A neo-Nazi has been buried in the former grave of a Jewish musicologist Max Friedlaender – not an oversight, but a deliberate provocation. This is just one more example of antisemitism on the rise in Germany, and society's inability to respond.
BERLIN — If you want to check the state of your society, there's a simple test: as the U.S. High Commissioner for Germany, John Jay McCloy, said in 1949, the touchstone for a democracy is the well-being of Jews. This litmus test is still relevant today. And it seems Germany would not pass.
Incidents are piling up. Most recently, groups of neo-Nazis from across the country traveled to a church near Berlin for the funeral of a well-known far-right figure. He was buried in the former grave of Jewish musicologist Max Friedlaender, a gravesite chosen deliberately by the right-wing extremists.
The incident at the cemetery
They intentionally chose a Jewish grave as an act of provocation, trying to gain maximum publicity for this act of desecration. And the cemetery authorities at the graveyard in Stahnsdorf fell for it. The church issued an immediate apology, calling it a "terrible mistake" and saying they "must immediately see whether and what we can undo."
There are so many incidents that get little to no media attention.
It's unfathomable that this burial was allowed to take place at all, but now the cemetery authorities need to make a decision quickly about how to put things right. Otherwise, the grave may well become a pilgrimage site for Holocaust deniers and antisemites.
The incident has garnered attention in the international press and it will live long in the memory. Like the case of singer-songwriter Gil Ofarim, who recently claimed he was subjected to antisemitic abuse at a hotel in Leipzig. Details of the crime are still being investigated. But there are so many other incidents that get little to no media attention.
The grave of Jewish musicologist Max Friedlaender
Crimes against Jews are rising
Across all parts of society, antisemitism is on the rise. Until a few years ago, Jewish life was seen as an accepted part of German society. Since the attack on the synagogue in Halle in 2019, the picture has changed: it was a bitter reminder that right-wing terror against Jewish people has a long, unbroken history in Germany.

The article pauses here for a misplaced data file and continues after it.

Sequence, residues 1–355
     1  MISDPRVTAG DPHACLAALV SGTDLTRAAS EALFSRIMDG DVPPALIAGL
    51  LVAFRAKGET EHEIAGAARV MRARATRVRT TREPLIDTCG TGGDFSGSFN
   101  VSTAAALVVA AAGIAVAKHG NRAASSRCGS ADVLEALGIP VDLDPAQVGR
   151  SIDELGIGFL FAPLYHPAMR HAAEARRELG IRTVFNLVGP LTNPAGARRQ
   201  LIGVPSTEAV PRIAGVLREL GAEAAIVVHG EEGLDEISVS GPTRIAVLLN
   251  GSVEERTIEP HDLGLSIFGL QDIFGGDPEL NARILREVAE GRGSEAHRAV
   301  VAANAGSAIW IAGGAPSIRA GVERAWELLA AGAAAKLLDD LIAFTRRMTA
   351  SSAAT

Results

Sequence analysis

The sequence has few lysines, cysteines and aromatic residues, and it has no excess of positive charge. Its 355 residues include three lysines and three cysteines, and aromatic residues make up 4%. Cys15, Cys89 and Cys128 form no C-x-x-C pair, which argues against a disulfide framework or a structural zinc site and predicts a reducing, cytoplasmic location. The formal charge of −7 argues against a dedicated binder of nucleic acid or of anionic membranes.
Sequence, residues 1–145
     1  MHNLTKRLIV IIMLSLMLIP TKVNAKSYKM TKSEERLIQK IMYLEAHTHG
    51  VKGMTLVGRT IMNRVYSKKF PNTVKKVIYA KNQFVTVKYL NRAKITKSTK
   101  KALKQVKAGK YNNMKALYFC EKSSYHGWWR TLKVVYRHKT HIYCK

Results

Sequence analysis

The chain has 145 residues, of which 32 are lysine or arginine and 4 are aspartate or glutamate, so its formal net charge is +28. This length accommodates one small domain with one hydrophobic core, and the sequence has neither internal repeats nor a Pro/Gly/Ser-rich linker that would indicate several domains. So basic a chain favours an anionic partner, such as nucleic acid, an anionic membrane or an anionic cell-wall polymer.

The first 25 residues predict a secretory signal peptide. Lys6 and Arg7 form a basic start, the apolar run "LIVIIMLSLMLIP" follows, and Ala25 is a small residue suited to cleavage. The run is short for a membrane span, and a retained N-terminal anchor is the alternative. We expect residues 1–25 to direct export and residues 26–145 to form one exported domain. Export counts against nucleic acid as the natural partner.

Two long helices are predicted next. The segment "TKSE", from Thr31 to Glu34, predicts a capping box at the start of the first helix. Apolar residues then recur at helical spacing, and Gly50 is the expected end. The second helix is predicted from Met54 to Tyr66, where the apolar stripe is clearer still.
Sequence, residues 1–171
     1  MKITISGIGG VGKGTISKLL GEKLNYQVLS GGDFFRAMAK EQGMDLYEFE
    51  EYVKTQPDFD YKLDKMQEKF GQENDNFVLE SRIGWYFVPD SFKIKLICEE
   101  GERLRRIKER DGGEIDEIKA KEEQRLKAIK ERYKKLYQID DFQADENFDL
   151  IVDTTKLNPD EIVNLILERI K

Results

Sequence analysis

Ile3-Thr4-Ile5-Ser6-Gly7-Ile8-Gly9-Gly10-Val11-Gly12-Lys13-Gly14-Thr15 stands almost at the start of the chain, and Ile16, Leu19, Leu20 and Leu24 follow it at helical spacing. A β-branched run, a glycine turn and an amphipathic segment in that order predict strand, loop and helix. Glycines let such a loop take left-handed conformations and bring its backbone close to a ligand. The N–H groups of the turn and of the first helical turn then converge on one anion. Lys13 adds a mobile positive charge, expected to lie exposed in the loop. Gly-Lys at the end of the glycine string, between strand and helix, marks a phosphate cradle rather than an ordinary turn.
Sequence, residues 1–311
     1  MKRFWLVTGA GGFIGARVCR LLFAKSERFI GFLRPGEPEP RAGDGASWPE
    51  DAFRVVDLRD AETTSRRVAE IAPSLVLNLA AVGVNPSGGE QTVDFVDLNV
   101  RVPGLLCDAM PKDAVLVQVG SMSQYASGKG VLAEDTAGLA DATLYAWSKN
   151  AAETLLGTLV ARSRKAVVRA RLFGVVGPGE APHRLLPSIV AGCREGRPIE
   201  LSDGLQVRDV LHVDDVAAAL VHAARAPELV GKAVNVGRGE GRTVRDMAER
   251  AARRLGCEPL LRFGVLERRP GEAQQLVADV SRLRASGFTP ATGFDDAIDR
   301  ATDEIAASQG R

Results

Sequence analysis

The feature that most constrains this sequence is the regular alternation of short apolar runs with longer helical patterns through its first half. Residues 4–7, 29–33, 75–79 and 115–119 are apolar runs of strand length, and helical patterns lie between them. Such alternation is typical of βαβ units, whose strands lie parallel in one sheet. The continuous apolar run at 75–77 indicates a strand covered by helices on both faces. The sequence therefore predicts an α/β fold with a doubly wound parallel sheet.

Stories have abounded about the coronavirus crisis being a Jewish conspiracy; meanwhile, Muslim antisemitism is becoming louder and more forceful. The anti-Israel boycott movement BDS rears its head in every debate on antisemitism, just as left-wing or post-colonial thinking are part of every discussion.
Jewish life needs to be allowed to step out of the shadows.
Since 2015, the number of antisemitic crimes recorded has risen by about a third, to 2,350. But victims only report around 20% of cases. Some choose not to because they've had bad experiences with the police, others because they're afraid of the perpetrators, and still others because they just want to put it behind them. Victims clearly hold out little hope of useful reaction from the state – so crimes go unreported.
And the reality of Jewish life in Germany is a dark one. Sociologists say that Jewish children are living out their "identity under siege." What impact does it have on them when they can only go to nursery under police protection? Or when they hear Holocaust jokes at school?
Germany needs to take its antisemitism seriously
This shows that the country of commemorative services and "stumbling blocks" placed in sidewalks as a memorial to victims of the Nazis has lost its moral compass. To make it point true north again, antisemitism needs to be documented from the perspective of those affected, making it visible to the non-Jewish population. And Jewish life needs to be allowed to step out of the shadows.
That is the first thing. The second is that we need to talk about specifically German forms of antisemitism. For example, the fact that in no other EU country are Jewish people so often confronted about the Israeli government's policies (according to a survey, 41% of German Jews have experienced this, while the EU average is 28%). Projecting the old antisemitism onto the state of Israel offers people a more comfortable target for their arguments.
Our society needs to have more conversations about antisemitism. The test of German democracy, as McCloy called it, starts with taking these concerns seriously and talking about them. We need to have these conversations because it affects all of us. It's about saving our democracy. Before it's too late.